Jack's Corner

My Simple Philosophical Statement

Co-operation instead of competition, generosity instead of greed, patience instead of haste, and sufficiency instead of indulgence.

The traditional Hindu social model is also one that I find realistic. It defines four distinct periods in life during which people can and should do certain things.

  1. Brahmic conduct (Brahmacharya) is the student stage, during which one learns about oneself and the world.
  2. Householder (Grihastha) is the stage of family and societal obligations.
  3. Forest dweller (Vanaprastha) is where one is freer to begin a contemplative life.
  4. Renunciation (Samnyasa) is where one goes deeper, surrendering all worldly things and living as a simple mendicant.
Living by this model makes one aware of the impermanence of each stage of life and, of course, of all worldly things. I have been in the contemplative stage for some time and look forward to moving more into the renunciation phase (although I realize that I will probably never arrive at the simple mendicant level).

“The future is uncertain but the end is always near” Heard in a bar, 1962

Some Favorites

We have many links on all the other pages, however, there are a few more sites I like to visit that warrant additional attention. Click on the titles below for information and links about my favorite people and subjects.

Think for yourself

A few subjects of interest are explained in the categories below. Click a title for more details.

DailyTao.org, The Book of The Way, Day by Day, is a good place to start and has a new saying every day.

Other Pages In This Section

Near Death Experience (NDE)

1975 found me stationed at Korat RTAFB, Thailand, in the 34th Tactical Fighter Squadron and flying the F-4 Phantom. This was an unaccompanied tour and I felt it was a good time to have a vasectomy since we didn't plan to have any more children. The Air Force was encouraging these procedures at that time and it would only mean no flying for 2 or 3 days. Several of the pilots had the operation.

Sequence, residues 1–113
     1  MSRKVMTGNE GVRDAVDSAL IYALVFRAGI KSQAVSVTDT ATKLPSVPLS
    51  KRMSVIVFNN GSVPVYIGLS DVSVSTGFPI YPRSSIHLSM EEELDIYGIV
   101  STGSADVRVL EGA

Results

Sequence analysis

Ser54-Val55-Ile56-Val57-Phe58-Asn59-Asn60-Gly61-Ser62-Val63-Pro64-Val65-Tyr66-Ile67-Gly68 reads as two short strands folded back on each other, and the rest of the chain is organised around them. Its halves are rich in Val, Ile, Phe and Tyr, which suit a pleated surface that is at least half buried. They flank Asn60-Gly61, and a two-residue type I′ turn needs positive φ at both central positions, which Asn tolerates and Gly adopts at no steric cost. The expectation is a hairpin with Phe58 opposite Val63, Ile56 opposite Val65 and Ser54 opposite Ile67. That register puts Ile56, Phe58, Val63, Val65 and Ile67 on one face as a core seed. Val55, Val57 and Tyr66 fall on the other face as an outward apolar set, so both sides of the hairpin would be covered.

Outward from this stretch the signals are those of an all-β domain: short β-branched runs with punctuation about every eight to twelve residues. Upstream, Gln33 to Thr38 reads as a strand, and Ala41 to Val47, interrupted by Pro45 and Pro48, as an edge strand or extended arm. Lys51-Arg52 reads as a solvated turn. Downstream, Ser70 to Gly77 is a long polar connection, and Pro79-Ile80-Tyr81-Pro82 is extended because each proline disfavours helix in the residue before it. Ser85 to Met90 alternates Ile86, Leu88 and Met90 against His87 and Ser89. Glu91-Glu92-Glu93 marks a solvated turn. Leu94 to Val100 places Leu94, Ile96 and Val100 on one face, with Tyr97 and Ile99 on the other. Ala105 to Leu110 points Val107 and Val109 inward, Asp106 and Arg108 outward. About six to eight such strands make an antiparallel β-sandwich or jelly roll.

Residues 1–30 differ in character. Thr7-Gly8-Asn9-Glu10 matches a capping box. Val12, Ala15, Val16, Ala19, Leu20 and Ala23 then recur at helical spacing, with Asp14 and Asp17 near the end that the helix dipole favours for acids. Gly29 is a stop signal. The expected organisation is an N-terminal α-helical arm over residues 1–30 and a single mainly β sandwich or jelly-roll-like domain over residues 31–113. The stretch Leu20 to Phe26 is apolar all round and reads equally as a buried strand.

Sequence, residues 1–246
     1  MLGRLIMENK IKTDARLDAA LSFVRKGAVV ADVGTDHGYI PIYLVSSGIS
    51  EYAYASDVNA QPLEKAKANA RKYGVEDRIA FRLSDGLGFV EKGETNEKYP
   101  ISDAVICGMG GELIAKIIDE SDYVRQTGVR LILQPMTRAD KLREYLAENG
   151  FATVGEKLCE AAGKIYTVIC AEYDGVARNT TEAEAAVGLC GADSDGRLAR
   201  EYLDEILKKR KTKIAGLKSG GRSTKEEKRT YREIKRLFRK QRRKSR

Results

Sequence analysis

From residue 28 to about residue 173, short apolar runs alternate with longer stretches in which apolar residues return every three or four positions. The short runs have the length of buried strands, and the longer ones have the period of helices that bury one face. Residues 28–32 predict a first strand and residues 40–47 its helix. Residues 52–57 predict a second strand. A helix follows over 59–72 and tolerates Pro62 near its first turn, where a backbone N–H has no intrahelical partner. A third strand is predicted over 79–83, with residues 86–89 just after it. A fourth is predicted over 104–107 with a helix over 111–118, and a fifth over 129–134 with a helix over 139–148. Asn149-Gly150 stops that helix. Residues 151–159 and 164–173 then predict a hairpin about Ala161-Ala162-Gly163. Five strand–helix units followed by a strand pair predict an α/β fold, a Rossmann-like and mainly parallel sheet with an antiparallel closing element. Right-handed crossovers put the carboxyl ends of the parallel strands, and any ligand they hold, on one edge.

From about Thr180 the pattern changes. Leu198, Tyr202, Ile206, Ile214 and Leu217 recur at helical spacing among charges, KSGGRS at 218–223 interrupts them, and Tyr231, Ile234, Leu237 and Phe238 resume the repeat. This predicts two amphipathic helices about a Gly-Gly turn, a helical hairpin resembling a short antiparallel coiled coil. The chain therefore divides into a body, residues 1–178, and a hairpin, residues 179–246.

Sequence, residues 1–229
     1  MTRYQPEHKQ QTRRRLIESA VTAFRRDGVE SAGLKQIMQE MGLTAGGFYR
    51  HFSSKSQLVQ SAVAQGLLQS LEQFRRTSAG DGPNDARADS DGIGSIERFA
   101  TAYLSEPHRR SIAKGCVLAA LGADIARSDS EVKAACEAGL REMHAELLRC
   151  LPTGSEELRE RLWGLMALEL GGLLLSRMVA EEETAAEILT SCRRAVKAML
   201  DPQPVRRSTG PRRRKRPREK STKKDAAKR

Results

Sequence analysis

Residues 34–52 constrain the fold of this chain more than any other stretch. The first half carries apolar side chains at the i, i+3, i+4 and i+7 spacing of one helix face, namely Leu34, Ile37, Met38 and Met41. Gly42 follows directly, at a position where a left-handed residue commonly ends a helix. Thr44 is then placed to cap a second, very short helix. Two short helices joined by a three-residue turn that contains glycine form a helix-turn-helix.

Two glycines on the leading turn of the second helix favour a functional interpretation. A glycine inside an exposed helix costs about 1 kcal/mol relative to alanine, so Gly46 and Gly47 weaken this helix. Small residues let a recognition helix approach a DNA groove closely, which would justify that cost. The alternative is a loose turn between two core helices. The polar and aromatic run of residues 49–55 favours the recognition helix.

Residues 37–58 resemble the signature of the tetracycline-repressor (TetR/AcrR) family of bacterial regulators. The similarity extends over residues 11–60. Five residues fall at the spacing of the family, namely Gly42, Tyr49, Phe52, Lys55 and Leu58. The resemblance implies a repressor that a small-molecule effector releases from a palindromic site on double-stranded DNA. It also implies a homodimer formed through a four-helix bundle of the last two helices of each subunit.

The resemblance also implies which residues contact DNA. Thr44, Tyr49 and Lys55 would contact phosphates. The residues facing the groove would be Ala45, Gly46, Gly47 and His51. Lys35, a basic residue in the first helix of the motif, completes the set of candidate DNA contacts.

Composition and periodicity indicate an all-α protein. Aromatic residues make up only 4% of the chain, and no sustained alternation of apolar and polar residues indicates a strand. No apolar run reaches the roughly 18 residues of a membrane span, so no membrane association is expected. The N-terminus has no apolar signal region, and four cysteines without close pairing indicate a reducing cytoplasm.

On April 23, 1975, a normal, bilateral vasectomy was conducted by the squadron flight surgeon, Dr. (Captain) Roger F. Landry. Local anesthesia was used. He was assisted by a Thai doctor who I met just prior to the operation. The first portion of the operation was done on the left side by Dr. Landry and went fine, but when the Thai Dr. made his incision on the right side it appeared that he cut something incorrectly. Despite the anesthesia I experienced intense pain and lost consciousness.

Immediately I was floating above the scene, somewhere near the ceiling. Dr. Landry was very agitated and said “we're losing him!”; my heart had stopped. I felt totally relaxed with a pleasant feeling, could see everything clearly and could hear all of the conversation. I was surrounded by a very bright light, but didn't see its source. I heard no other voices outside of the operating room and did not leave that area.

Dr. Landry took over the operation completely at this point. According to the official report they used ammonia smelling salts to bring me back to consciousness. But what is not mentioned is that they also used some external stimulation to restart my heart, which I could clearly observe. The report says I was unconscious for about 15 seconds, but my sense of time had vanished and everything was in very slow motion. When my heart restarted I seemed to snap right back into my body and was quickly alert.

Immediately after this incident my blood pressure was 110/60 with a pulse of 56. I felt fine after they finished and wanted them to just forget the entire episode. However, this was not to be and Dr. Landry revoked my flying status.

I was sent to the large regional hospital at Clark AFB in the Philippines for a complete and exhaustive physical evaluation. This took almost two weeks and consisted of daily testing and lots of incline treadmill work. All tests came out excellent and they could find nothing wrong. The official diagnosis was “syncope, vasovagal, secondary to pain”. (Vasovagal means: relating to or denoting a temporary fall in blood pressure, with pallor, fainting, sweating, and nausea, caused by over activity of the vagus nerve, esp. as a result of stress.) Recommendation was to return to flying status with a waiver, which was eventually granted by the U.S. Air Force Surgeon General on July 2, 1975.

They returned me to flying status at Korat on May 28, 1975, with a waiver, which became a permanent part of my records.

The assisting Thai doctor is never mentioned in any of the records and I never saw him again. For some reason they didn't want him to be blamed for what appeared to be his incompetence. So I ended up with a blot on my record due to the doctor's mistake.

But the out of body experience was actually enjoyable and at the time I didn't care whether or not I returned to my body. Naturally I didn't discuss any of this with the doctors since I knew it would certainly be the end of any flying.